Not as Expected - Rumpled Rhett Sneak Peek
To celebrate Fairy Tale Day, I am sharing a bit from Rumpled Rhett (Once Upon a Duchy - Book Three), a novel inspired by Rumpelstiltskin and the huntsmen of fairy tales. The setting is the village tavern right after Cat and Rhett's wedding. The marriage is one of convenience, and they have only known each other two days. They have just finished up their meal. As they prepare to depart, Cat's father begins loudly slandering his daughter.
I rose and claimed my bundle not a moment too soon. My husband swung me up into his arms and moved swiftly and soundlessly toward the kitchen entrance. Before I could do more than catch my breath, we were moving through the back rooms of the tavern. Rhett moved so silently that Lilly, the tavern keeper’s wife, continued scraping carrots as we passed within a foot of her.
We encountered the daughter in the corridor. She gasped. Rhett sharply shook his head at her. She closed her mouth. Then we plunged out into the sharp cold of the afternoon sunlight.
“Please put me down,” I requested. Rhett radiated heat, and I was strangely aware of him. It was hard not to be, considering how close he was. The last time anyone had carried me was when I injured my foot. Before that, no one. I didn’t like the helplessness.
“Not yet.” His breathing had barely increased as he strode around the back corner of the building. We passed behind the blacksmith’s forge. Amos’ apprentices were hard at work, but I caught no sign of the blacksmith himself. Rhett’s long strides ate up the ground as we rounded the back of the last building. It stood before the cross path that traveled through the village north to south.
“Must you keep carrying me?” I demanded. “I have legs.”
“You do, but we must move quickly. I will set you down after we leave the village.”
I grunted my disbelief, but he ignored me.
It took only a matter of moments, and we were north of the village and well on our way up the path that wound up the mountains above us. Just as I was about to point out it was time to set me down, he paused.
“Path or grass?” he asked.
“Path. Less to trip over.”
He set my feet on the path, only releasing me when I stepped away from him. Then, he matched my pace as I slowly made my way up the incline.
Around us, the afternoon sun gilded the burnished colors of autumn that covered the trees all up and down the valley. The oranges and reds were still interspersed with a scattering of green from the late turners. Even then, they only enhanced the riot of color. Farther up the mountain where the evergreen pines and their like ruled supreme, the colors were more muted but still beautiful. I breathed deeply of the clear air and counted it a blessing to be living higher up the mountainside.
“What is in the bundle?” Rhett’s deep voice interrupted my musings.
“All of them?”
My cheeks warmed. “Yes. Father refused to allow me to take my extra clothing. He said it was your responsibility to clothe me now, and Mara can wear them once she gives birth to the baby.” I glanced over my shoulder at Rhett.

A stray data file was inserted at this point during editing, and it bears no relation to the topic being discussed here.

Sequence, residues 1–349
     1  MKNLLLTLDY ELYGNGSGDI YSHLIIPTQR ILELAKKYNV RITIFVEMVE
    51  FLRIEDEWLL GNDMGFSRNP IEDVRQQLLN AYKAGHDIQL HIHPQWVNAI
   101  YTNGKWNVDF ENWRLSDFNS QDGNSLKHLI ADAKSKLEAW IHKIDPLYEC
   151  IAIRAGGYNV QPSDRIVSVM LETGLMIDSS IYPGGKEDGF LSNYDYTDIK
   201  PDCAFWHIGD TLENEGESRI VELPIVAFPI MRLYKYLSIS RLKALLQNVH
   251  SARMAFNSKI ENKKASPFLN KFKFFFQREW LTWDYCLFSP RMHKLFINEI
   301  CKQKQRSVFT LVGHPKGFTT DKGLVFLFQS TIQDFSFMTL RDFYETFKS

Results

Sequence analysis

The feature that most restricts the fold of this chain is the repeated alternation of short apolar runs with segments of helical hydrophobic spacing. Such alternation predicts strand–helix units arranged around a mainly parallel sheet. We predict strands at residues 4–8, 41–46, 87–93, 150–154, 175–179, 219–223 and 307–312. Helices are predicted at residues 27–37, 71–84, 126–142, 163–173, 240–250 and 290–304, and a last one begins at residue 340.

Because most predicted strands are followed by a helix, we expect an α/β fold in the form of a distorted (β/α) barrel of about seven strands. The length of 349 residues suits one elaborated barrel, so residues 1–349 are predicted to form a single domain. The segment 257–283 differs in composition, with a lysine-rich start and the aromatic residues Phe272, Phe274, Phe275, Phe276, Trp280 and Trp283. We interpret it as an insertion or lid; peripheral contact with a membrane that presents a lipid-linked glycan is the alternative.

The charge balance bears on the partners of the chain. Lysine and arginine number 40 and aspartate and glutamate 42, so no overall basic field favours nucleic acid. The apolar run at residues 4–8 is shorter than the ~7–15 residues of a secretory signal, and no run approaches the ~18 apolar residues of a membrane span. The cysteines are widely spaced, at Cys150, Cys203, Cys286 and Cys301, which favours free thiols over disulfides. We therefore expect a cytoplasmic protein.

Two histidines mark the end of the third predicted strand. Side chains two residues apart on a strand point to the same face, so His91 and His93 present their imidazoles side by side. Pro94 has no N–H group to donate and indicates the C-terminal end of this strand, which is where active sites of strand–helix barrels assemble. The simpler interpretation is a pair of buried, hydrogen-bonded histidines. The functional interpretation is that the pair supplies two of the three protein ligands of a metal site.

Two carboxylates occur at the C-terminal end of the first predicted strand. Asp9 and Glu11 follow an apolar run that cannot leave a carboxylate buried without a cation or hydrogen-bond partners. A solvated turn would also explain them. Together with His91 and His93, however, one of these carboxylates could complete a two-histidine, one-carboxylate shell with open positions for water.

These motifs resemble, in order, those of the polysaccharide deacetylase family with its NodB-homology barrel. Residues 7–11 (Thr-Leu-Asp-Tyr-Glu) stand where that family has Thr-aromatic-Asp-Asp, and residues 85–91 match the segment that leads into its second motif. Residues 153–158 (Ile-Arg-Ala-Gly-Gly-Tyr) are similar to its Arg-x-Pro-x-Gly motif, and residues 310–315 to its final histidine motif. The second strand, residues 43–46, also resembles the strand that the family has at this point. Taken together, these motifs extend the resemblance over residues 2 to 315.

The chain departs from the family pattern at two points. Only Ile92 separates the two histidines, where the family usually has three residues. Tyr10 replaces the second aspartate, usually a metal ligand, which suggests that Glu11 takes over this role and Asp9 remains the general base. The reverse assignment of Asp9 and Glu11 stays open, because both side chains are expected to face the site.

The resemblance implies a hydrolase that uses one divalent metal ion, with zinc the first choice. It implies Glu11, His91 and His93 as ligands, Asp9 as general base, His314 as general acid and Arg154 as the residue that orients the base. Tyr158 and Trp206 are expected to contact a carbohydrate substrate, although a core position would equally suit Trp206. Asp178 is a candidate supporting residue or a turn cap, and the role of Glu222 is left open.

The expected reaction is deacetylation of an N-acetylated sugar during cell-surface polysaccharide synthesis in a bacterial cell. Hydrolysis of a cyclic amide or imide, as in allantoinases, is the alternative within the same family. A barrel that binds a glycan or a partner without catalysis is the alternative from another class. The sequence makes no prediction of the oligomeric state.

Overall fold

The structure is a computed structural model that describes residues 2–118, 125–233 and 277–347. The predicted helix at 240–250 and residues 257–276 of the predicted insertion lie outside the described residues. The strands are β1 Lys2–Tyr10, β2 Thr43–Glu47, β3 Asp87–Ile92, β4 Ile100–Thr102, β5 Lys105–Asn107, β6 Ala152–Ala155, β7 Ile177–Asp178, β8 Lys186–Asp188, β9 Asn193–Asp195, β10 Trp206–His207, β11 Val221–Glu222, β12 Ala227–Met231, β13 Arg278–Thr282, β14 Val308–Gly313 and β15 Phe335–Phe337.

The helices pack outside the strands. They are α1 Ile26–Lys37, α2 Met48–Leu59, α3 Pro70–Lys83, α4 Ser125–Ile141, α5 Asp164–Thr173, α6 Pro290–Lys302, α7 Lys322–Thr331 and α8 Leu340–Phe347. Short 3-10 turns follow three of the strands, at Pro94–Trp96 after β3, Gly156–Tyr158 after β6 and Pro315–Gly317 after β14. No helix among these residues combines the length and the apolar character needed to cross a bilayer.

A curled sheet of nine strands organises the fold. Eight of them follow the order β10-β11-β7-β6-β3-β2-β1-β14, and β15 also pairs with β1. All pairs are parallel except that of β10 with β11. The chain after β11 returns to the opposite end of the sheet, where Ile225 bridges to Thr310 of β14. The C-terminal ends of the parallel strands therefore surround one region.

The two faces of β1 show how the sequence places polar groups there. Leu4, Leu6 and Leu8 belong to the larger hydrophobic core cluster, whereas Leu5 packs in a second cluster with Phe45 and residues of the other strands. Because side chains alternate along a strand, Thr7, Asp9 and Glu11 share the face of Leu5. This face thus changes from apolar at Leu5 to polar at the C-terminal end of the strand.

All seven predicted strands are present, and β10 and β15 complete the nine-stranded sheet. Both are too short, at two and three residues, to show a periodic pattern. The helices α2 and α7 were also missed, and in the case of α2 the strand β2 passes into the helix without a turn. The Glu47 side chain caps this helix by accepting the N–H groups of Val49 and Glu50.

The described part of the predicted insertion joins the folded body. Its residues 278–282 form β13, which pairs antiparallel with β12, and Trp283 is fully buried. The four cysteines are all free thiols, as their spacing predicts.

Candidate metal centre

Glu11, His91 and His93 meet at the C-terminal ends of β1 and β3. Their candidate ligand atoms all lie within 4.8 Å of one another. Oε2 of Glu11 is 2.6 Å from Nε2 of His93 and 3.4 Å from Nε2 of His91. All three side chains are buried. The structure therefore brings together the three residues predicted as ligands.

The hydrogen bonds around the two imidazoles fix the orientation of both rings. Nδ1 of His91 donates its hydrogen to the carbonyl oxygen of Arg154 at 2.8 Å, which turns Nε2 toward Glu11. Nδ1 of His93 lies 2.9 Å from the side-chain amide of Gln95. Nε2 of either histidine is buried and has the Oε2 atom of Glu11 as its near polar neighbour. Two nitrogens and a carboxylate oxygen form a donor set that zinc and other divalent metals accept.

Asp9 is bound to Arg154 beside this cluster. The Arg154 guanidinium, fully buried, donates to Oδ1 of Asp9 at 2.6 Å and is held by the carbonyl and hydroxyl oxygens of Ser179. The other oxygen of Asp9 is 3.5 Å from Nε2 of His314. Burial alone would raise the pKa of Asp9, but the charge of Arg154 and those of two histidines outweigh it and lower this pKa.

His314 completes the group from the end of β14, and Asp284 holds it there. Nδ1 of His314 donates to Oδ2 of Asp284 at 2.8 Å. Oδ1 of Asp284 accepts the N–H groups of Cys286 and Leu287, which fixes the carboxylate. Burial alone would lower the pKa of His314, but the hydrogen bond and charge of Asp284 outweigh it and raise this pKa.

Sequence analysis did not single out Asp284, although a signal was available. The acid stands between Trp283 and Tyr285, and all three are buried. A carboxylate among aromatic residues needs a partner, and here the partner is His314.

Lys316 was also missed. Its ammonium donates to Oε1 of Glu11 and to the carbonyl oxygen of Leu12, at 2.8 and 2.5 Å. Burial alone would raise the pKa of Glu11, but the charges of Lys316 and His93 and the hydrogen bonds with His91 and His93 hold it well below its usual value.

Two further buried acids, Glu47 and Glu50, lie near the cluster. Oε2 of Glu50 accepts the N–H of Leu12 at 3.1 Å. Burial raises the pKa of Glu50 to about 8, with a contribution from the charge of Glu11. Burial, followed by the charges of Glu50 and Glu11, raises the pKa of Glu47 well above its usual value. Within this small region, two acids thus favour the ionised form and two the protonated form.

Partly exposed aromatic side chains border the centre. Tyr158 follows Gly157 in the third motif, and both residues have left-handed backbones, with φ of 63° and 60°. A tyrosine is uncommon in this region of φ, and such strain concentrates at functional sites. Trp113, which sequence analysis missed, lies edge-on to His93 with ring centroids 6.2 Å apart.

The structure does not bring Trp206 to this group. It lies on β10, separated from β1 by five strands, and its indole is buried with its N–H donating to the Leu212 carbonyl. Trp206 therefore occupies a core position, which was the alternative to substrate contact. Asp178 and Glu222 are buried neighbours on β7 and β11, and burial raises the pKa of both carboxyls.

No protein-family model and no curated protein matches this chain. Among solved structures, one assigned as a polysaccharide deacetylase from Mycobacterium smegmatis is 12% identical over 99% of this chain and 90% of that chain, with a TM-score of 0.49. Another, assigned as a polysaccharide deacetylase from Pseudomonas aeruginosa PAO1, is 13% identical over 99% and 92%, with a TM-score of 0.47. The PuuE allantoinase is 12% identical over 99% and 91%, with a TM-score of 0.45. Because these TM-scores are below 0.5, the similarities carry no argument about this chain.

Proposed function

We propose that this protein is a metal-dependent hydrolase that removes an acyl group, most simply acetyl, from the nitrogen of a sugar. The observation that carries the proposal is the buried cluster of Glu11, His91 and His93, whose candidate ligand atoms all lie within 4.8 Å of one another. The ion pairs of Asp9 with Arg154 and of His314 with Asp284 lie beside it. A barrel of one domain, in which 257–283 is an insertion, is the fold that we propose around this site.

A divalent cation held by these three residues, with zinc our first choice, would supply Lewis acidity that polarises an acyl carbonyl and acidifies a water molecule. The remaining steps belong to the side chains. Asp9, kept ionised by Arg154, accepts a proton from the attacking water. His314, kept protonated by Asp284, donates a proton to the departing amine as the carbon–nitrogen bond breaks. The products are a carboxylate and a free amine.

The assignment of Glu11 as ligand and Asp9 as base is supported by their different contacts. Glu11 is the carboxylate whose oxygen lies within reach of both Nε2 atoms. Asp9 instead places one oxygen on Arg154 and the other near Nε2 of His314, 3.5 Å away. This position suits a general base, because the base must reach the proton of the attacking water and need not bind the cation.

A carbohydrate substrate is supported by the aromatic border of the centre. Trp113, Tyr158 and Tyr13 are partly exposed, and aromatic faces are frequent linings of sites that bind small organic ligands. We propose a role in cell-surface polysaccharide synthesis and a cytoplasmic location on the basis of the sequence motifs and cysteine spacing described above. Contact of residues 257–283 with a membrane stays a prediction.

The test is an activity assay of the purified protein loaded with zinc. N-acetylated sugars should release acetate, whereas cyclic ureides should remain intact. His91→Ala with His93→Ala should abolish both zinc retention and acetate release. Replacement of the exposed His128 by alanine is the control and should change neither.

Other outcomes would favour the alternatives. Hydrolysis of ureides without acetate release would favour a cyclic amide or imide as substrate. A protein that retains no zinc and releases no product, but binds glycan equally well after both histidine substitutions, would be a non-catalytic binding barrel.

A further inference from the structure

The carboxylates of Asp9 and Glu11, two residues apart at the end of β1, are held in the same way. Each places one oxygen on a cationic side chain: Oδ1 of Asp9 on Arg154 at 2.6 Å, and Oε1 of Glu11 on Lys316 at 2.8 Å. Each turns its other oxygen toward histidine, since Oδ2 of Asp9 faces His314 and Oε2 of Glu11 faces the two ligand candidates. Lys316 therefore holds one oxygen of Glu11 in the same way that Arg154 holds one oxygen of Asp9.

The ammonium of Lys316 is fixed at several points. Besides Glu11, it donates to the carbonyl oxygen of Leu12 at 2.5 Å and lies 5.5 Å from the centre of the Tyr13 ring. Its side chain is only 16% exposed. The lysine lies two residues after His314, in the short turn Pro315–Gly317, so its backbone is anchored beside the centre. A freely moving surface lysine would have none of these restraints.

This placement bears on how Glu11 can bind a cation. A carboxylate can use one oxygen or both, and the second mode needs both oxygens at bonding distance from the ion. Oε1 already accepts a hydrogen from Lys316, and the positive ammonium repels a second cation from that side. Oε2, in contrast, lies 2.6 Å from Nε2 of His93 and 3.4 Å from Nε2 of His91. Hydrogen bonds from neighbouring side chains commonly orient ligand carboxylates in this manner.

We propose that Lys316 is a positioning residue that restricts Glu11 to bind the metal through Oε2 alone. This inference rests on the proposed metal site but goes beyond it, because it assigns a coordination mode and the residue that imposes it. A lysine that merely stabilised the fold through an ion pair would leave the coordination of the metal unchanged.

Still wearing the same brown tunic from the day before, he had layered it beneath at least two overtunics. Nothing in his manner indicated that he missed the third and thickest tunic on my back. The worn belts at his waist held up a pair of knives and a short sword. A fourth weapon was strapped to his back beneath the leather satchel on his shoulders. I had not seen him with more than what he carried on his back. He clearly was a man who traveled light and moved often and quickly. How long would he stay?
The thought that I might be alone for a time was delightful. I was happiest alone anyway. I could enjoy company, I suspected, but never a crowd. Even if Rhett left for months, as was his wont, I could spend time with Louisa, perhaps convince her to train me.
“Who is Mara?” Rhett’s deep voice interrupted my musings.
“My brother’s wife.”
His mouth tightened. “The same brother who was flirting with the women in the corner?”
“I only have one.” Thankfully, I added silently.
“So, what did you bring if not clothing?” Contrary to my expectation, he didn’t sound annoyed.
I glanced over my shoulder to check his expression, but this time, my foot caught on a rock. I stumbled. Before I could find my balance again, he was at my side. His hand caught my forearm, and his arm slipped around my shoulders, locking my shoulder against his side and stabilizing me.
My heart raced. Closing my eyes, I focused on breathing deeply, but all that did was fill my lungs with mint- and clove-scented air. Plus, there was another smell that I couldn’t identify. Warm and pleasant, it teased my senses.
“You need a cane or something to help you steady yourself.” His rumbling assessment made sense, but I protested immediately.
“It would make me a target.”
“More than you already are?”
I pulled away from him, almost falling as he let me go more quickly than I expected him to. Stumbling and scrambling, I made it a few feet before realizing he was still where I left him.
“I am not going to hurt you.” He let his arms hang loosely at his sides, concern written in his eyes despite his almost impassive expression.
“I would be a target for them.” I waved at the village still visible behind him.